Saturday, March 20, 2004

Tokyo, Japan--Day 50

Today we woke up only to find it pouring outside. Luckily we got umbrellas and were able to borrow one from the hotel and set off to find a good view of Tokyo, which probably wouldn’t be that good since it was raining so much. We took the subway over to a government building that we could have gone up, but found that it was closed since today was a national holiday (who knew!). So we walked back down to a hotel that Sonja and Valerie had stayed at when they first arrived in Tokyo and headed up to the 47th floor to find a good view. The view was good, but it was very cloudy and raining so it wasn’t the best, plus we were getting some not too happy looks from the staff up at the top so we decided to go back down.

We spent the day sort of walking around Tokyo and shopping, with Sonja buying a neat little digital camera. It was just nice to have them to talk to and walk around with, so I didn’t mind just shopping. After a good and rainy afternoon we headed back to the hotel where Valerie stayed while Sonja and I went to a traditional Kabuki theater. We bought tickets and were told that there was standing room only, which wasn’t going to be a problem since we only bought tickets to one act (which was about an hour and half) and opted not to go for the entire 5 or so hours that it was going to be playing!

We got up to our seats and were able to get English translation headsets which were quite cool and useful and then were able to get some seats. The kabuki theater was really neat, and I guess is THE place to see kabuki in Tokyo. The play was great and I was of course thoroughly impressed with it all, especially when I learned that the females were played by males. It was really a great experience to watch.

After the act was over, we went back to the hotel and met up with Valerie again and then set off to Roppongi, which is this area of Tokyo attracts a lot of Westerners. After much debate as to where to have dinner, we found a great sushi restaurant which was really fun, and Sonja and I had quite the time picking up various interesting looking things and trying them out. Raw octopus isn’t that bad! After dinner and several glasses of Japanese beer later, we headed to find some good desserts and drinks, then had some more fun at an Australian bar nearby, then a slightly more sketchy bar after that. We had quite the time with the people there and danced the night away, making it back to our hotel fashionably late.

(c) 2004 Sarah Galbraith. All Rights Reserved.

Friday, March 19, 2004

Osaka, Japan--Tokyo, Japan--Day 49

Today on my way to Tokyo, which wasn’t a very long flight, I was able to see Mount Fuji from the plane which was really neat. I took a lot of pictures and I think the girl next to me thought I was nuts. Anyways, we landed and my bags were searched by immigration (he had to go through my dirty clothes which were on top so it was a little bit awkward.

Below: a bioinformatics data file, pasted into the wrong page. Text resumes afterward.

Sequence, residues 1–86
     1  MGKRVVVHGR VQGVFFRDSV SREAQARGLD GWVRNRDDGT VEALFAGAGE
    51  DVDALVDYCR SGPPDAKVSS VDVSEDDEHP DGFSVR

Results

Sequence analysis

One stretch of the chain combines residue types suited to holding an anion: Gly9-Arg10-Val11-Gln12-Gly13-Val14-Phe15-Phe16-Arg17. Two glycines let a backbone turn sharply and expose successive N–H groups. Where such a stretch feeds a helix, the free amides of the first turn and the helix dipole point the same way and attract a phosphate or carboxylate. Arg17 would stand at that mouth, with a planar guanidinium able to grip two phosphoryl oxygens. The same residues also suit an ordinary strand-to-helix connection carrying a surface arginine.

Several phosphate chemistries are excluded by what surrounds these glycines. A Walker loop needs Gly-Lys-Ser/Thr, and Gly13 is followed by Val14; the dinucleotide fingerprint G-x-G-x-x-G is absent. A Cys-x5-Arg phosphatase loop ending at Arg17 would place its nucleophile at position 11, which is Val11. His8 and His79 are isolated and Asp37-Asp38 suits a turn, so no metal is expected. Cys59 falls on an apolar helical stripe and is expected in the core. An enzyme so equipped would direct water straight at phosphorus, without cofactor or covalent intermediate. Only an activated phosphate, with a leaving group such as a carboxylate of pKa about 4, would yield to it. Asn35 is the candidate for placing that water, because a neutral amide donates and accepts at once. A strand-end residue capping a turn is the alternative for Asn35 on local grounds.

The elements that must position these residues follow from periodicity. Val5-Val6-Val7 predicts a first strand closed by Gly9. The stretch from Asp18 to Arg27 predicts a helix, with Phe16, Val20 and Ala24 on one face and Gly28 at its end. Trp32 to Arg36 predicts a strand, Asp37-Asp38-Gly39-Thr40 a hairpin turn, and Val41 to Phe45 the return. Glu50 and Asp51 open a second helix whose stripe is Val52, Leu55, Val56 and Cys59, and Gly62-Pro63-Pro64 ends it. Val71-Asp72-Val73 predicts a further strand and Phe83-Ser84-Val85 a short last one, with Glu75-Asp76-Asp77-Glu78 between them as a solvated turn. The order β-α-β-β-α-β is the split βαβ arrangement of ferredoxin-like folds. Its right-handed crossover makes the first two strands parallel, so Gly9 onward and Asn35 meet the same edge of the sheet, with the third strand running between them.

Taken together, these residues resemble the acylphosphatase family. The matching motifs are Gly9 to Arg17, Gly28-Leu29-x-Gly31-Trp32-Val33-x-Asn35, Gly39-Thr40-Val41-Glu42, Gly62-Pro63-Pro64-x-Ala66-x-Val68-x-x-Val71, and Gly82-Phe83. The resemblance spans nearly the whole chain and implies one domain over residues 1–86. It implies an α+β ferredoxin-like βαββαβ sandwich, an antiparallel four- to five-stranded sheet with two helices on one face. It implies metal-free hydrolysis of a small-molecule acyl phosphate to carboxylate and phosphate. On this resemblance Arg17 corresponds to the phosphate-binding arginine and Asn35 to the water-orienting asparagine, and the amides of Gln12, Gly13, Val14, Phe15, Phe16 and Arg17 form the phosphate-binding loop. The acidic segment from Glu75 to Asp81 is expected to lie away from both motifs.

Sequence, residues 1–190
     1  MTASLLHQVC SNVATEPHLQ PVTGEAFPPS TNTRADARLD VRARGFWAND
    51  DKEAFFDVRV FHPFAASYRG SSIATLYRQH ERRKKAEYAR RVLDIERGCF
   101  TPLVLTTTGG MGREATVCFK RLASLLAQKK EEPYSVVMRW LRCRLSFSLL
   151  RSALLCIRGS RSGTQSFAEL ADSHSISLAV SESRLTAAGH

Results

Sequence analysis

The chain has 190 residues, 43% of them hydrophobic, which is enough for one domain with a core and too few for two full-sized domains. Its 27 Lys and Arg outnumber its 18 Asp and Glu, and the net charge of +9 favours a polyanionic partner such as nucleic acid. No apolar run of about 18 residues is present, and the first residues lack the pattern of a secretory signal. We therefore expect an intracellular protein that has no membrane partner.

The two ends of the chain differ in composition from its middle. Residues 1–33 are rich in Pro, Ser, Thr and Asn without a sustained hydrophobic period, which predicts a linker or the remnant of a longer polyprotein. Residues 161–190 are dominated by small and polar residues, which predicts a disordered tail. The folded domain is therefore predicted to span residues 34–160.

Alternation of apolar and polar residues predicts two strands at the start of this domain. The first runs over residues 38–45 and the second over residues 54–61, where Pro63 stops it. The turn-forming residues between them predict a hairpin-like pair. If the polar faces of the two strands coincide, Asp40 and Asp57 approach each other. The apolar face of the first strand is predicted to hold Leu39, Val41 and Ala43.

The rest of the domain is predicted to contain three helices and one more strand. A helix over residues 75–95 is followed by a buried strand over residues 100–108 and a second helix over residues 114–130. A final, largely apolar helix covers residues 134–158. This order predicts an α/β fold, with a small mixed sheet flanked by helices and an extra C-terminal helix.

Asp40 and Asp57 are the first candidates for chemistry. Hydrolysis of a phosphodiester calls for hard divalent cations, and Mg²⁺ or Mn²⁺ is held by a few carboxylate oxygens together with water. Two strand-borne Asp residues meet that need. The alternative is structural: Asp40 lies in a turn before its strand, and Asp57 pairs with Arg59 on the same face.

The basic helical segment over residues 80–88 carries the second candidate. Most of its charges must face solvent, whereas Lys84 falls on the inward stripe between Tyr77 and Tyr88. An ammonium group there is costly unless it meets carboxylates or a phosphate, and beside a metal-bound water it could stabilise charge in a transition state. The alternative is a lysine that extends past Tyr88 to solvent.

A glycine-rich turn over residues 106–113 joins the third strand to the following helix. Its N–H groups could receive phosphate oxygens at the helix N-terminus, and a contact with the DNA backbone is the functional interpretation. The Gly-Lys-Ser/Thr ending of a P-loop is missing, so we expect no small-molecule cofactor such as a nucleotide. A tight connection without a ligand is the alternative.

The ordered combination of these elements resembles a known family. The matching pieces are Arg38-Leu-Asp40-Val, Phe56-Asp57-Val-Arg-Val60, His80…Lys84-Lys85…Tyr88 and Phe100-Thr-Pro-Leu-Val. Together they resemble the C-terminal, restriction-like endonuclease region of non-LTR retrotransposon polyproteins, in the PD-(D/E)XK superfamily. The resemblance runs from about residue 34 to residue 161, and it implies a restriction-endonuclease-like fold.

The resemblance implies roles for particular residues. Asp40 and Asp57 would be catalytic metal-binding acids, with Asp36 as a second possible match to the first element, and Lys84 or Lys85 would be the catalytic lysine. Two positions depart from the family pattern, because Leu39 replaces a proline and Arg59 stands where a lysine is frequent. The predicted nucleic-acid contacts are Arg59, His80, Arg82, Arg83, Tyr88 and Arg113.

I met my driver to the hotel and was stuck in a tunnel for an hour due to an accident or something. It was annoying because I was supposed to meet my friend Sonja (whom was my roommate while I lived in New Zealand) at the hotel and I was going to be late.

We got to the hotel and I checked in but the room wasn’t ready yet, and I had a message waiting from Sonja. So I called her up and she was at a restaurant nearby and was going to finish up things there then come meet me.

I checked in my bags to have the hotel hold them for the day and waited for Sonja. She came and it was so exciting to see her, not only to have a friend for the weekend, but to see Sonja especially since I haven’t seen her in such a long time. She is working on an English teaching scheme here in Japan for two years, so was able to come down for the weekend!

WE got some lunch and then headed to the Tokyo Ueno Zoo via subway, which a little bit less confusing than in Osaka. We had to take the monorail in the zoo to get to the hippos (realizing later that we could have walked) but I haven’t been at a zoo with a monorail before so it was kind of a neat change. The hippos were in full swing when we got there, kind of. Actually it was more like the ranting pygmy hippo next door who was apparently running all around and jumping in the water, then getting out and repeating this over and over. I wasn’t paying attention to it though and luckily this distracted a few people away from our hippos so I could get some good pictures, although it took a little bit for one of the hippos to move around and show her face.

After getting the pictures we headed off to find the names of the hippos, which was discovered at the information desk where they had a huge book with the name of each animal. Now why doesn’t every zoo have one of these? Thanks to Sonja’s stellar Japanese skills, we learned their names (Jiro and Satsuki) and stopped by the pandas on the way out of the zoo.

After leaving the zoo and surrounding park areas, we took the subway back to the hotel and was able to check into the room, which is where we went to Denny’s to get a snack and wait for Sonja’s friend Valerie from her school (who is Canadian) who was also going to be joining us for the weekend. We went to Denny’s because it was right across the road from our hotel (a good waiting point) and thankfully the food was nothing like Denny’s in the States, so I was able to get some surprisingly good noodles.

We went back to the hotel and met Valerie, then the three of us went up to the room and planned our evening. We headed out to have dinner in Ginza (the area of Tokyo that I was staying in) and got dinner at a fun little restaurant which was again on the 6th floor of a business looking building. Dinner was great, and I was really impressed with Sonja and Valerie’s Japanese speaking skills, although they, like the Japanese, won’t admit that they are good at speaking it. After dinner we walked around some and then went back to the hotel to watch a movie and go to bed!